Meanwhile, a short plump woman wearing a knee-high flimsy frock continued to dance slowly moving her heavy hips and waving her hands without any coordination as if she was out of control and was trying to interrupt Eddy with silly questions and raising her hand begging Eddy for a high-five. Eddy ignored her for the most part and turned her away when she wants to hug him repeatedly. “Well, we all know Catherine from Kansas, she is living on the farm from last 6 months or so,” Eddy at last acknowledged her presence. “No, I have been living here only for 3 months,” Catherine corrected him and again tried to hug him.

“Here on the farm you work 3 to 4 hours a day doing chores assigned to you; weeding, harvesting, planting or collecting plant materials and animal dung to make compost.  In return, you get to live free on the farm.  Look around, this is paradise, sure it rains a lot but the lush green trees, blue skies, bright sunshine and the nearby ocean you can see all day long. Where else you can get this. In California and Florida people pay millions for this living, here it is all free. Please remember to keep the communal kitchen clean, no smoking in the kitchen, please don’t use profanities and no fighting, reserve your drinking to weekends when we party. Now is there anybody here good in computers? I need somebody to fix my laptop so I can use to make telephone calls on it,” Eddy looked around then a hefty, big set man with baby-face raised his hand.  “My name is Jed, I am good in computers, I got laid-off recently from a company after working for five years and I have no savings to rent a place so I came down here to the farm to live in one of the tens, I could fix your computer,” Jed looked confident.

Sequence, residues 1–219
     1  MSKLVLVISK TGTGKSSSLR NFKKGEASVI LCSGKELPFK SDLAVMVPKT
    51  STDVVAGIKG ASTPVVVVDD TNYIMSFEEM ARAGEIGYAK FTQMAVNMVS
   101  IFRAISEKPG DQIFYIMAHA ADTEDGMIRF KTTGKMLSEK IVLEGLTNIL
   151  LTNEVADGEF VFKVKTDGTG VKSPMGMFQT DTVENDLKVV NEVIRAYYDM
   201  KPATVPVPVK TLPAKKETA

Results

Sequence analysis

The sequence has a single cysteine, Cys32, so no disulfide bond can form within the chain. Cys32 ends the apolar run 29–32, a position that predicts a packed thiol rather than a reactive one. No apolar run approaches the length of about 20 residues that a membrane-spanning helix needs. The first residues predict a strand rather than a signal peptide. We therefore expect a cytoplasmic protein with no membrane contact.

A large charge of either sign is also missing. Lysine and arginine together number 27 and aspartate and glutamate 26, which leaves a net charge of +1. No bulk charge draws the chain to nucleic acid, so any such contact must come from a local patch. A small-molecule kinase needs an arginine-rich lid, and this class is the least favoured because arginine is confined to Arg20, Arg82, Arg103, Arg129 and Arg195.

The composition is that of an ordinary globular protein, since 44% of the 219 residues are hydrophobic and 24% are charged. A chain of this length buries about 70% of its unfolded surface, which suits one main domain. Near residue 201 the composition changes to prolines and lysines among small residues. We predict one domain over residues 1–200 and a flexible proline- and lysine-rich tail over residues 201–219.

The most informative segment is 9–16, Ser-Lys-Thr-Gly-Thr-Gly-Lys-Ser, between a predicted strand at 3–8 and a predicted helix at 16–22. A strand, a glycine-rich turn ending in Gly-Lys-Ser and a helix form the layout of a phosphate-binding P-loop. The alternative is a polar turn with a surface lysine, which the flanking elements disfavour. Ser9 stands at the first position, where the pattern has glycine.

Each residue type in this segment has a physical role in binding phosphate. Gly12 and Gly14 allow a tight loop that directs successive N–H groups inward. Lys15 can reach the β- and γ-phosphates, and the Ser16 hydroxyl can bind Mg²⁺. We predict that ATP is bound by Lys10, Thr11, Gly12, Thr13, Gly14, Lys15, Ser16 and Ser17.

“I am Ken and I am an electrician,” said a man wearing metal rims looked more like school teacher with good looking brownish beard.

“We need you here, as you all know we live outside the power-grid and depend on solar and wind power, you can help us in fixing poor connections and whatnot.”

“Sure, I am also good in fiber optics,” added Ken.